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  • Todd P Goes to Austin | Review

    By | January 18, 2011

    Director: Jason Buim aka Jay Buim

    Writers: Jay Buim, Otto Arsenault, Taylor Cohen

    Starring: Todd Patrick aka Todd P, (Bands) Matt and Kim, Dan Deacon, Mika Miko, The Death Set, Best Fwends, Juiceboxxx, High Places, Team Robespierre, The So So Glows, Telepathe, Ninjasonik, Ponytail, Japanther

    Ever since I was a teenager, I have always preferred to experience live music performances in non-traditional spaces. Some of my favorite performances of all time have been in VFW halls, fire stations, random college buildings, churches, private homes, backyards, neighborhood parks, and parking lots; and most of my least favorite performances have been in huge arena settings. I never really thought too much about the psychology of this trend; but if Jay Buim’s documentary Todd P Goes to Austin is successful in doing one thing, it definitely captures the allure of experiencing live music in unconventional locations.

    Brooklyn music promoter Todd Patrick (the titular Todd P) is best known for organizing DIY indie shows in seemingly random make-shift venues in Brooklyn (Silent Barn, Market Hotel, Monster Island, and Shea Stadium); he is also known for his yearly unofficial SXSW parties at the East Austin non-venue Ms. Bea’s. Todd P Goes to Austin follows Todd P and his cohort of bands to Austin for his SXSW party in March 2008 — in the interest of full disclosure, Todd P Goes to Austin actually takes place over the course of two SXSW’s (2008 & 2009).

    Each band travels in their own van, on their own route, and armed with their own video camera to record everything, a technique that lends Todd P Goes to Austin the perspective of multiple indie rock tour diaries that have been edited together. To keep with Todd P’s punk rock aesthetic (all a band needs is a shitty stage and shitty PA, no roadies necessary), each band plays gigs in various make-shift venues along their route to Texas. All of the recorded performances are borderline chaos with no defined boundaries between the musicians and the crowds. The energy, craziness, and dancing are all amped up to at least 11. (Of course we will never know if the fans were intentionally hyped up because of the camera’s presence.) In between cities, the bands face the many trials and tribulations of traveling across the United States in crappy old vans.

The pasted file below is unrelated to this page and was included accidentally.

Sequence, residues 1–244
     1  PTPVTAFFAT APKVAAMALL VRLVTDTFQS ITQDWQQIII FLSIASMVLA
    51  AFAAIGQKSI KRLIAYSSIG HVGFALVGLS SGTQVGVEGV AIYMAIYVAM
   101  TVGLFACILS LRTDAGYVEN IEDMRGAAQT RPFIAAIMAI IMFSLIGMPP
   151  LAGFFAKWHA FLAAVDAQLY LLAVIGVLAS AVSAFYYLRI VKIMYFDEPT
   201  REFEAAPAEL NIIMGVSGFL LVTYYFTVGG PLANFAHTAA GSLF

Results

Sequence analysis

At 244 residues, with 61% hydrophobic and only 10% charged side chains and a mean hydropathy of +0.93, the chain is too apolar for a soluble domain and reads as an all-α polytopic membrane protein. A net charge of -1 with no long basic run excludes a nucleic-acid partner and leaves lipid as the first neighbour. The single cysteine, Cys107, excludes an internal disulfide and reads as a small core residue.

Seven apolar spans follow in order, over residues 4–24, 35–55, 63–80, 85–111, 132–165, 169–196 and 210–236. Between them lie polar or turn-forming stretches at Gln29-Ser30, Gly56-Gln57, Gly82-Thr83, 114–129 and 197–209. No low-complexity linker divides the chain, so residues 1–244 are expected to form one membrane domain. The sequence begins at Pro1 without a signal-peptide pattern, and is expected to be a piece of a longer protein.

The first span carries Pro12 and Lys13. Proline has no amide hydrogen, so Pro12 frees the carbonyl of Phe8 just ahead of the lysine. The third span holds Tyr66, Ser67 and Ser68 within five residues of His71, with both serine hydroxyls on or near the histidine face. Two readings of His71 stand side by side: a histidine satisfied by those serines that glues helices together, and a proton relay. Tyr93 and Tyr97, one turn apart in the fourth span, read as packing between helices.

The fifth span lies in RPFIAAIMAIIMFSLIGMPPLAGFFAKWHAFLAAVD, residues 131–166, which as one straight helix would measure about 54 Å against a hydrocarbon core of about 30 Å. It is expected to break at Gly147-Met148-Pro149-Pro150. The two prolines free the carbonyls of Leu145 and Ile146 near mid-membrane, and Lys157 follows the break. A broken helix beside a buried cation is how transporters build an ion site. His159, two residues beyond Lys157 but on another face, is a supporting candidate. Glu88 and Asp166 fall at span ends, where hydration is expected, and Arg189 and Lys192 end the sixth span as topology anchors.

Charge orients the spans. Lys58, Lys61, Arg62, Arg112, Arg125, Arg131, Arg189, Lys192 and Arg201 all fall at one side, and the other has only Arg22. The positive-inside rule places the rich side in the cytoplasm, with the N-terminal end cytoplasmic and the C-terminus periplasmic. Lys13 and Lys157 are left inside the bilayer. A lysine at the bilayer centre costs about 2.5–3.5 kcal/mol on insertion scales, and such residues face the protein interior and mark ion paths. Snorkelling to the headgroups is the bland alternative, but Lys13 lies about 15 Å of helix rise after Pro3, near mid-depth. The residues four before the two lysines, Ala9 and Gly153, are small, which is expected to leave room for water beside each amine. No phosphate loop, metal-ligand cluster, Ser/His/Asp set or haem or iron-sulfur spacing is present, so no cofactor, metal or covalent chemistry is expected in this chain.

One might assume that a documentary titled Todd P Goes to Austin would be more about Todd P himself; and while he does have a few opportunities to wax philosophically on the age old question of “What is good music?” (answer: something new, exciting, fun, and provocative), this film is more about the musical chaos that Todd P orchestrates. Just like at any of the shows he organizes, Todd P is the magician behind the curtain; he never attempts to steal the limelight away from the musicians.

    Todd P Goes to Austin features some amazing live performances by Matt and Kim, Mika Miko, The Death Set and others; all of which bring us back to the question of what makes live music performed in unconventional locations so much more damn fun? For whatever reason, the uniqueness of the space seems to add to the rawness, the anarchy, the adrenaline, the fun, the energy, the ecstasy…Todd P has learned how to capture this better than most and Jay Buim’s documentary captures the results.

    Todd P Goes to Austin is now available on DVD. For more information go to:

    Rating: 6/10

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